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Taste of America
July 15, 2008 - Wes Burns
Like it or not certain things about this great land of ours, and I'm talking about America here, are destined to stay the same. Americans will never stop eating fast food, we'll always be announced at the Olympic's opening ceremony wearing cowboys hats and we will always lord our victory in World War II over the french. Take these simple truths to heart, dear readers, as the rest of our American bedrock is shaking.
Budweiser has been purchased by a Belgian beer company! I'm sorry for exposing those that didn't know yet in such a harsh manner but time is of the essence. In Bev, an innocuous little truncation that stands for International Beverage, is a megalithic beverage concern based in Europe. They own thousands of breweries across the rest of the world: local brands in Siberia, China, Stella Artois and, in perhaps the biggest slap in the face to American beer drinkers, Becks. Budweiser, in all of its NASCAR glory, is owned by the same people that make Becks.
How weak must our economy be to have Budweiser, the beer of all that is American, to be purchased by a foreign conglomerate? I would like to state that I particularly don't care for Budweiser. To me it always tasted like any other kind of beer that is handed to me at a house party I didn't want to attend. But I understand the cultural signifigance of Budweiser.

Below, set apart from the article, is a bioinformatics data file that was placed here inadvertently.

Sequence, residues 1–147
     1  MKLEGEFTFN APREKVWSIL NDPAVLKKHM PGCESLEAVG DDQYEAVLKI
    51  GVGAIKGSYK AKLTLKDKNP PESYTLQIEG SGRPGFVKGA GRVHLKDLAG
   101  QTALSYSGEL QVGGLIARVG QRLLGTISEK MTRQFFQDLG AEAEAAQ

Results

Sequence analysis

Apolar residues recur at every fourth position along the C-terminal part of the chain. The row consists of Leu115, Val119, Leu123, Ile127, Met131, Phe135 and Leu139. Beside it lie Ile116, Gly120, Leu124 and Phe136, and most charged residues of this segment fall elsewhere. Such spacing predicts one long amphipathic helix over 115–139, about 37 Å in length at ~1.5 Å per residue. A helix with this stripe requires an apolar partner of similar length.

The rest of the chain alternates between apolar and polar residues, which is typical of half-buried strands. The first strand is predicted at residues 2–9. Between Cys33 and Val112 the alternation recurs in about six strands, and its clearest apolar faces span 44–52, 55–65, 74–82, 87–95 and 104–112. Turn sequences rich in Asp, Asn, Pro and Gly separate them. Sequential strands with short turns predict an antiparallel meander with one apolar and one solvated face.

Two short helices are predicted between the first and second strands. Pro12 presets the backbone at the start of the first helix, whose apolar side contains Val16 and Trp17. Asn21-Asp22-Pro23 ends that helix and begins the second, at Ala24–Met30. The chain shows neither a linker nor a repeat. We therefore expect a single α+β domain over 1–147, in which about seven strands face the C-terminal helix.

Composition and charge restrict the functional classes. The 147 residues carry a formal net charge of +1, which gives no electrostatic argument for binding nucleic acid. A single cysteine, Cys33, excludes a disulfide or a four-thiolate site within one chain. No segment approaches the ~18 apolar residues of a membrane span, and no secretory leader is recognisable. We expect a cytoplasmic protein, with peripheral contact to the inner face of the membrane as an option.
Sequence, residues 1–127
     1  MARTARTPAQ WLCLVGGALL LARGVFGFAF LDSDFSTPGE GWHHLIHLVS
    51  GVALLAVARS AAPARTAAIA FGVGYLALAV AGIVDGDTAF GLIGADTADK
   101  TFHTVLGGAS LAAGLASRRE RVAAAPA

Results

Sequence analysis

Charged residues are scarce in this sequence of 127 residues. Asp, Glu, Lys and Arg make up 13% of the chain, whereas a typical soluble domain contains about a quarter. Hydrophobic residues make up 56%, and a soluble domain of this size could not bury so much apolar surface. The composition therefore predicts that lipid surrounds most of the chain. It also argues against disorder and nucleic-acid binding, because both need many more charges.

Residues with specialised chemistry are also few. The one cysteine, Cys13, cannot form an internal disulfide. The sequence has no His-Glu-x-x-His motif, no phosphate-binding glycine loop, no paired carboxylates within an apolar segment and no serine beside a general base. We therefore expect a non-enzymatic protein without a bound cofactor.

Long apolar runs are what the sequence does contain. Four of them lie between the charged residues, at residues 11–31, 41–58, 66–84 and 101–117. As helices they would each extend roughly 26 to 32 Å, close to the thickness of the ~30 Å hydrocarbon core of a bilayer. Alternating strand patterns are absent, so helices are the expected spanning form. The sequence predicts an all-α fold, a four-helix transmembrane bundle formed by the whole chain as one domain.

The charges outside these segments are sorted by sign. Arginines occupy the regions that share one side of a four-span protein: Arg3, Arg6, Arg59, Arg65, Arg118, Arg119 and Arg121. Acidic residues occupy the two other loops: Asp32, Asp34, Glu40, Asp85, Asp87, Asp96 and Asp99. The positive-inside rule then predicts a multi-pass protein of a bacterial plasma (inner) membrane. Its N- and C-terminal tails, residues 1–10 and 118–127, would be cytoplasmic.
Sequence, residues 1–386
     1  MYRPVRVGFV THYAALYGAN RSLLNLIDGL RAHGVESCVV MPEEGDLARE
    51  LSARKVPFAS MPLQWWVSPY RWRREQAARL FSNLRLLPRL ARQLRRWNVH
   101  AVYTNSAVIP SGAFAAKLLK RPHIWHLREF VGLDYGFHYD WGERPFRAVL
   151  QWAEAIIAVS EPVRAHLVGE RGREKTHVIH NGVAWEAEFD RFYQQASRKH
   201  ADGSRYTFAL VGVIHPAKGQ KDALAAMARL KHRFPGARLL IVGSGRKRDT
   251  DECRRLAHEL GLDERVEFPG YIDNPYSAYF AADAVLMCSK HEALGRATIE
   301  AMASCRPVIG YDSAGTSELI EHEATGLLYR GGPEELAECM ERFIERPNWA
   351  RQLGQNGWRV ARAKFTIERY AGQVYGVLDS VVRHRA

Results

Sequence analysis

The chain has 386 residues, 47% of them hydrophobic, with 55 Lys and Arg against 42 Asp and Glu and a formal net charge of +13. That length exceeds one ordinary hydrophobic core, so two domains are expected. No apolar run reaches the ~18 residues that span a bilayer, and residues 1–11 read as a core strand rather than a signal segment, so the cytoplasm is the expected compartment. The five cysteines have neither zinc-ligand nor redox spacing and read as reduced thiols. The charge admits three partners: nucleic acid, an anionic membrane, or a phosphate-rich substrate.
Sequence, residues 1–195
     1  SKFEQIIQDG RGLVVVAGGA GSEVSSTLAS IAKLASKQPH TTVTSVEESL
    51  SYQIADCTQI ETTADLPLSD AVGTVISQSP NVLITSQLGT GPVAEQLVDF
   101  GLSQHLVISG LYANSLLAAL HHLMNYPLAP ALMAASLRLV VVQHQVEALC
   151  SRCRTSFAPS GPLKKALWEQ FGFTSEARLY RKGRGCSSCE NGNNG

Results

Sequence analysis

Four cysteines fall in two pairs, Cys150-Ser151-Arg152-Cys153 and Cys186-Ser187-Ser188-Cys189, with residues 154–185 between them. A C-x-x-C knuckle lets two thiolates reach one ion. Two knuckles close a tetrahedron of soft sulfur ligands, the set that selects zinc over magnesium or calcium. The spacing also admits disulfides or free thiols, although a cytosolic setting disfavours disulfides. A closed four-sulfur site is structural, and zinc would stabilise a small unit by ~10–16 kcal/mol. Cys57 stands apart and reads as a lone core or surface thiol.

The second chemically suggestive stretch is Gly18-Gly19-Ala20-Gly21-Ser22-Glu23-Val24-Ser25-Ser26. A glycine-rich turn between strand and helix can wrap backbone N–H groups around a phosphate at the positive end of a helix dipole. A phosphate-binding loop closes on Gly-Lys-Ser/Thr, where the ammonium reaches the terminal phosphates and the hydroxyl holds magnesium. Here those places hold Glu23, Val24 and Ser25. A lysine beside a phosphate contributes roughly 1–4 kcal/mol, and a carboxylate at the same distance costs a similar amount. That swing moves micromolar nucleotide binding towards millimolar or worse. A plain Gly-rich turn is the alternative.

I cannot help but wonder if such an aggressive buyout plan would have been feasible just 50 years ago. Imagine, during the height of Cold War hysteria, that an international company tried to purchase a peice of Americana? A company that produces beer in Russia, China AND Cuba? Cuba?! People back then were angry enough when Bud Light won The Bud Bowl.
In Bev spokespeople have said that they don't want to take away from the fine brewing traditions of Anheuser-Busch and hope to keep Budweiser the same great tasting beer that it's always been. Fail. The one good thing that might have come of this was that maybe Budweiser would start tasting good and just maybe there would be a tastey, cheap beer on the market that I could buy anywhere. This is not to be.
So maybe Budweiser will taste exactly the same except the money made from the American Beer will no longer stay in the United States. Maybe Budweiser will start to get some better ingredients and start to taste like legitimate beer. Maybe NASCAR will stop receiving support from Bud and switch over to William Sonoma. Unlikely. The only likely outcome I can forsee is that Anheuser-Busch is going to alienate their core base and In Bev is going to be too scarred to change the formula.
So the once popular beer, with no modifications to its formula what so ever, will become unpopular at bars around America and become consumed exclusively by the only social group that would embrace such an ironic choice: hipsters.
God help us all.
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